Outrage over dismantling of ‘illegal’ urban forest in Madrid

by Deborah Cater
Urban forest dismantled by Madrid City Council

MADRID – An urban forest in the middle of Madrid’s Barajas district is no more. Residents maintained the forest for more than ten years and planted more than 1,500 trees. Without warning and without explanation, the Madrid City Council dismantled the place on 25 November.

It affects four hectares of city park in the centre of the neighbourhood where residents have been responsible for reforestation since 2010. The public administration abandoned the task over a decade ago. On Thursday, November 25, several vans and trucks from Madrid and ten representatives of the municipal gardening team arrived at the site accompanied by six municipal police officers with the aim of removing the ‘urban forest’.

Honour the dead

The urban forest of young oaks, elms and chestnuts is apparently illegal. Residents planted a tree in memory of deceased loved ones because they believe the best way to honour the dead is to sow new life. Retired local residents had a new pastime and maintained the forest.

The neighbourhood association and the local branch of Ecologistas en Acción have denounced the action by the municipality. They also point out the maintenance work by Madrid City Council in this area has “been disastrous”.

According to Ecologistas and Acción, at the time of dismantling, several volunteers were in the forest to carry out the usual maintenance tasks. Accompanying them were people from the Manantial Foundation of the Madrid region, who help every Thursday morning.

Removed protection and irrigation

The municipal team “removed all protection from the trees and shrubs and also confiscated all equipment used for irrigation”. As a result, the trees and young plants of the urban forest have been exposed to rabbit populations that have caused visible damage. In addition, it is not possible to water the trees and plants. This will result in their demise in the summer.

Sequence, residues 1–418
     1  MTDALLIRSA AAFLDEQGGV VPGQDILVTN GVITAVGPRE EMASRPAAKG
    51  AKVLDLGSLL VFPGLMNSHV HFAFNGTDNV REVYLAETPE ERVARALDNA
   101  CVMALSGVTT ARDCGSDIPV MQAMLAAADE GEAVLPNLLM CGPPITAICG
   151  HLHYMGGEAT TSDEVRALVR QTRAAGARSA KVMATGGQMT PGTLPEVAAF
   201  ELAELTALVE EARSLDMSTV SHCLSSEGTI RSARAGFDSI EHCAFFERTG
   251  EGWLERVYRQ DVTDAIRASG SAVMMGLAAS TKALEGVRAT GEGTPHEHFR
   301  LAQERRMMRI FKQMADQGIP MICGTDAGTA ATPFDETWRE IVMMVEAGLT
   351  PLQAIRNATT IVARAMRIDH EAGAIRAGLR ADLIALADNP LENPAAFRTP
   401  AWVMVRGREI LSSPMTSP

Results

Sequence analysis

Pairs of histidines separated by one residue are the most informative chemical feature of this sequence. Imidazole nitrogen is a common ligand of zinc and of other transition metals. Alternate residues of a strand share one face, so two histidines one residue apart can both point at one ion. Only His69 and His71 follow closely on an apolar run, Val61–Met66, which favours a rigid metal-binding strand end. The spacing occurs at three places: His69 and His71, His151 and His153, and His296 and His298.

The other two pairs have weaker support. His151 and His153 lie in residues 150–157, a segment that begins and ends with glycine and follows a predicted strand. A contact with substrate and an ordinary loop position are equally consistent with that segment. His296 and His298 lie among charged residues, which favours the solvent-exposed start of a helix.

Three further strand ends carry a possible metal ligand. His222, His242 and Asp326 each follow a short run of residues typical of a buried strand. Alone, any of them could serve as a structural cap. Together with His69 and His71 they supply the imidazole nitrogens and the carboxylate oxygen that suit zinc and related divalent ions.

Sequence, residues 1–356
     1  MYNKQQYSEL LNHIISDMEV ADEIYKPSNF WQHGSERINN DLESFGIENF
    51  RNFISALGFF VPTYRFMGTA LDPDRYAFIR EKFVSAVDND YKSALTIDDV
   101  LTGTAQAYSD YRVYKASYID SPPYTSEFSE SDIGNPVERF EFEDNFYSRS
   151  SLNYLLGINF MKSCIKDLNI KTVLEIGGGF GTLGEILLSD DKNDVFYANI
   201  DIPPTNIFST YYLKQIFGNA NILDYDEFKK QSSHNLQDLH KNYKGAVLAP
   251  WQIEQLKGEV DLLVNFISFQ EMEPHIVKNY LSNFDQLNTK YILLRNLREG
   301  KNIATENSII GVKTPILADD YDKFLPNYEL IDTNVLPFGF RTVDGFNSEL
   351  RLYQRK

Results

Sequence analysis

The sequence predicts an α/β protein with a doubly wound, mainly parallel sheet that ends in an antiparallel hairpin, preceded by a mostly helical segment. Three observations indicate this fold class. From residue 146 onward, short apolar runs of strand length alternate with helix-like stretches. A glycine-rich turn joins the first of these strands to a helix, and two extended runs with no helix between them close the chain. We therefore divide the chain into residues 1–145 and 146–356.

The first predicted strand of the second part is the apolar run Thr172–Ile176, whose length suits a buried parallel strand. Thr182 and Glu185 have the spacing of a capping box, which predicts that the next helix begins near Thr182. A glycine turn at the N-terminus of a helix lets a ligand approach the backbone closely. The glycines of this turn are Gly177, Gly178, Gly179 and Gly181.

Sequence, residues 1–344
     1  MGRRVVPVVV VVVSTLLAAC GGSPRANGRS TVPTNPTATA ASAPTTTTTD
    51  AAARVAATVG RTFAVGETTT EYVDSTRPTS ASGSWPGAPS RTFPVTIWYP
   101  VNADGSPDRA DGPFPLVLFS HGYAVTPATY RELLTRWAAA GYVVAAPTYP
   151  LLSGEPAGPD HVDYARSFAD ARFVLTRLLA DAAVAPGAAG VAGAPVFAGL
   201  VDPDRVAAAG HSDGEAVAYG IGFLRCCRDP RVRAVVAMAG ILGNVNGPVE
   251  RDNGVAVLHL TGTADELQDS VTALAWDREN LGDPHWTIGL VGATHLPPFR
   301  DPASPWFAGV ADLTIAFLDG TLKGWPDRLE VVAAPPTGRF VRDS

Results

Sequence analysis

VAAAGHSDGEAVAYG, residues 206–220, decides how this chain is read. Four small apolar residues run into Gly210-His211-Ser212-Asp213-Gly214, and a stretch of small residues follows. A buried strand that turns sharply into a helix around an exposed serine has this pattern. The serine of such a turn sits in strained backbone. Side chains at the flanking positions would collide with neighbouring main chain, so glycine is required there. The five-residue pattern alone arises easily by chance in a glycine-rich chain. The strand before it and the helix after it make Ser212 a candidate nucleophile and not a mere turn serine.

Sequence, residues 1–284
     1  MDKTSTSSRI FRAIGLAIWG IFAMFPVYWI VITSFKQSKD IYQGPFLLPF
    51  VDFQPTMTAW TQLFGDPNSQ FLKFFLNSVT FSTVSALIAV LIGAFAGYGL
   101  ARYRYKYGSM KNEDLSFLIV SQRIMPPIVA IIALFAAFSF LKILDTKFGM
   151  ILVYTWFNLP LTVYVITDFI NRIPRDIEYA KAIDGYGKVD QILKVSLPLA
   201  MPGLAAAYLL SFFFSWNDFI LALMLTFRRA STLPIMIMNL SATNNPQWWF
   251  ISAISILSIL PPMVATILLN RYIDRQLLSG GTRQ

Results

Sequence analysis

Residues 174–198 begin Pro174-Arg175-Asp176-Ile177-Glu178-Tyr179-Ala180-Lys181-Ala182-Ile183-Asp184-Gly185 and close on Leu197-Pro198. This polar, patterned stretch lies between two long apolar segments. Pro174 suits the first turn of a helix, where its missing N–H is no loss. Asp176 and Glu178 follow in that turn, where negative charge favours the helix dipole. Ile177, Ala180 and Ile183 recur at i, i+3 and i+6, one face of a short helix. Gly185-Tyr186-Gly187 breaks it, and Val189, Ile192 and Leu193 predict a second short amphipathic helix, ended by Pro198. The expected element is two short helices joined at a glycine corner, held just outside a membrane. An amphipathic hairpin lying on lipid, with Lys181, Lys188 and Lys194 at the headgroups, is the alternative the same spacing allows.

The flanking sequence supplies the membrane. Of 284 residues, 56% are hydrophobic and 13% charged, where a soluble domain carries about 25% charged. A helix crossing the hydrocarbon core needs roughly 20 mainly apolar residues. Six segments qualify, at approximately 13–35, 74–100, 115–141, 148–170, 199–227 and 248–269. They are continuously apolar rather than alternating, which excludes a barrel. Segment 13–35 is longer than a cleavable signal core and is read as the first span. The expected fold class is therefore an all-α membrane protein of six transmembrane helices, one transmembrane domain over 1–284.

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Labels with the names of the children who planted the trees and installed the birdhouses have also been removed from the trees in the Barajas Forest. The mother of 13-year-old Isaac, who suddenly died while playing football in 2019, found the remains of her son’s memorial tree in a rubbish bin.


Ecologistas and Accion and the Barajas Residents’ Association blame the Madrid City Council for “a zero sensitivity in attacking for no good reason a long-lived and successful project so loved in the neighbourhood.”

On November 27, the residents and Ecologistas and Accion, under the slogan ‘The urban forest of Barajas remains’, showed their disapproval of the actions of the Madrid City Council during a demonstration in which 250 took part. A banner read ‘Almeida woodcutter’ with a reference to the current mayor of the Spanish capital.

However, the city council says that it is “a public space that contains unauthorised elements”, sources at the municipality told EFE.  

The irony is, to combat climate change and air pollution, Madrid is creating an urban forest around the city.

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